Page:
Note: When the Source well (described above) contains tracking data from another behavior (such as Analyze Motion), these checkboxes become pop-up menus used to assign which trackers (from the source tracking data) will provide anchor (position) data to the destination object, and which will provide rotation-scale data. And because trackers are no longer needed in the Match Move behavior, onscreen trackers are removed from the canvas.
To expose the following additional track controls, move the pointer over the track row, then click Show:
Position: Value sliders displaying the X and Y positions of the tracker.
Track Size: A slider to set (in pixels) the pattern search size for the tracker. As you adjust the tracker size, the Tracker Preview is updated to show the new pattern search size. However, there’s no visual change in the onscreen tracker.
Alternatively, you can adjust the Track Size parameter by Option-dragging left or right in the Tracker Preview area.
Search Size: A slider to set search area size for the tracker. In Motion, you do not specify the size of a search area when setting up trackers in the canvas. If your clip contains a lot of rapid movement, you may have better results increasing the Search Size. For example, if Search Size is set to 150%, the tracker searches 50% further beyond the Track Size setting.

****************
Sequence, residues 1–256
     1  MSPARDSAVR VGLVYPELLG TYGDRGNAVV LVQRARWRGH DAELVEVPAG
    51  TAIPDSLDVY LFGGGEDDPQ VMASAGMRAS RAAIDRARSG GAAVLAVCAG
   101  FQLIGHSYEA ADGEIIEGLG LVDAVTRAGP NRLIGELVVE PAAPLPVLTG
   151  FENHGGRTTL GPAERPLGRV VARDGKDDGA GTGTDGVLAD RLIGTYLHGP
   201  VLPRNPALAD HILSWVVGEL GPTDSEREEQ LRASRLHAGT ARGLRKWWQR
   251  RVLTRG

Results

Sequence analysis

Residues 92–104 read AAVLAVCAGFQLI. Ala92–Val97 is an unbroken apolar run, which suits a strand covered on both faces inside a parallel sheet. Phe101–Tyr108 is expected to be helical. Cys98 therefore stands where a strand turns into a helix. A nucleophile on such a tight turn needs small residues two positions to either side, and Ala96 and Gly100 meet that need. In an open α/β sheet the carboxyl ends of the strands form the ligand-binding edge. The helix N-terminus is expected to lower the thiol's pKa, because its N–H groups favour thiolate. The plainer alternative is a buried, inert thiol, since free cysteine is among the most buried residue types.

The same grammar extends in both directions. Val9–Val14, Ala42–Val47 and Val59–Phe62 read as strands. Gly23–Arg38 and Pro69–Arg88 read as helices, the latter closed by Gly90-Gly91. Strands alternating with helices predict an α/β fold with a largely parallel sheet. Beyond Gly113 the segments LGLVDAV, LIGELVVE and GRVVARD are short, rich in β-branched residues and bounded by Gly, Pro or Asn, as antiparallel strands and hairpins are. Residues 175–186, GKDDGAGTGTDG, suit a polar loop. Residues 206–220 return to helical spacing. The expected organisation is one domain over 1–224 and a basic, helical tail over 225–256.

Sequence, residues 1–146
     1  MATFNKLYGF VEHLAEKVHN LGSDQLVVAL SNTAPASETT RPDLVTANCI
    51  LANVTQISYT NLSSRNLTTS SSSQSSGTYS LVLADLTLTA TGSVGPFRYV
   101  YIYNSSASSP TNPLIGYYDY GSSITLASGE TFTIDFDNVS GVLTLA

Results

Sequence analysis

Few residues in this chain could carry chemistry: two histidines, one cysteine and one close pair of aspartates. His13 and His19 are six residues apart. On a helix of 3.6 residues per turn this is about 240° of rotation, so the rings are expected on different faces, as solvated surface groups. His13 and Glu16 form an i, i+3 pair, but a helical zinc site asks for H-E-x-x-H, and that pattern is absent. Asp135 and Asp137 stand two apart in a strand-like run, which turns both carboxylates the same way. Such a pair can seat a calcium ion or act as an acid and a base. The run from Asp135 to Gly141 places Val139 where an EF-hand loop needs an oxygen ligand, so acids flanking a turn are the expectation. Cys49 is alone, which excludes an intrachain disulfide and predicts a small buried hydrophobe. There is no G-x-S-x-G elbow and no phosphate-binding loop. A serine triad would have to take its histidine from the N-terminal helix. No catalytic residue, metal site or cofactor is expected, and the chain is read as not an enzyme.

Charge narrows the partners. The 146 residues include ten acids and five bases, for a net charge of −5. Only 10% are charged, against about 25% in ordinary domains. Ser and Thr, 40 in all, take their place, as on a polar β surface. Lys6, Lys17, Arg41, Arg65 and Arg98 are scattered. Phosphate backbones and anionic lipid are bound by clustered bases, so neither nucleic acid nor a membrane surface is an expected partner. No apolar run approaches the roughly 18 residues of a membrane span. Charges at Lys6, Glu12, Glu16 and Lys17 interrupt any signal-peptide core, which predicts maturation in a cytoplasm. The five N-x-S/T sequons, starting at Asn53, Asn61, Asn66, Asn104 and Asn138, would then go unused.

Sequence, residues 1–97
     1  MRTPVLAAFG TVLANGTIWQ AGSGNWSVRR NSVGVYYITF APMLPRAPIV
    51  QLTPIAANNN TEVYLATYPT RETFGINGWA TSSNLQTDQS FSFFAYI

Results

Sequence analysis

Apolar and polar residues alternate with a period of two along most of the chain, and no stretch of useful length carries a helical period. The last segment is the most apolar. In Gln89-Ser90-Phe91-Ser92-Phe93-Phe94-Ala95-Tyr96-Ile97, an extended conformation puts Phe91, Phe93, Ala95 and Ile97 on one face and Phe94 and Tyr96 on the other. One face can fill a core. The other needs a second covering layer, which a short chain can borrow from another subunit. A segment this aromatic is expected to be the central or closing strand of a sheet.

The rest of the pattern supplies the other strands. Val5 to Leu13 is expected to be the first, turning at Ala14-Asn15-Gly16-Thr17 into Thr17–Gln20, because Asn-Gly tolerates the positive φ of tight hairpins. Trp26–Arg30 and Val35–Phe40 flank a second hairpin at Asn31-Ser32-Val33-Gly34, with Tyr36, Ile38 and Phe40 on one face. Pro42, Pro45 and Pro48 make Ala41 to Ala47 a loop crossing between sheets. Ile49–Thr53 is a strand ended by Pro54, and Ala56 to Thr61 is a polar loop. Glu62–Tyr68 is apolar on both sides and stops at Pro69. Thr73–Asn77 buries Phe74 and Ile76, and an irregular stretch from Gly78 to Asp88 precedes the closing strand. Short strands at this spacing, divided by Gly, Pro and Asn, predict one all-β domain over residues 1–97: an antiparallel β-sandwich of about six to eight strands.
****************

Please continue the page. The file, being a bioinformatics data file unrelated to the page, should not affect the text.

Fail Tolerance: A slider to set the amount of tolerance for error, or confidence value, of the tracker. In other words, Fail Tolerance defines a threshold score at which the tracker determines it can match a reference feature. When the analysis yields a score above the Fail Tolerance value, the tracker accepts the match. When the score is below the value, the tracker rejects the match.
Fail Behavior: A pop-up menu to specify what happens if the track confidence value falls below the Fail Tolerance amount. There are six menu options:
Smart Retry: The tracker attempts to find the reference pattern in a larger search area. If the pattern still cannot be found, the tracker switches to the Predict option (described below). Smart Retry is the default Fail Behavior setting.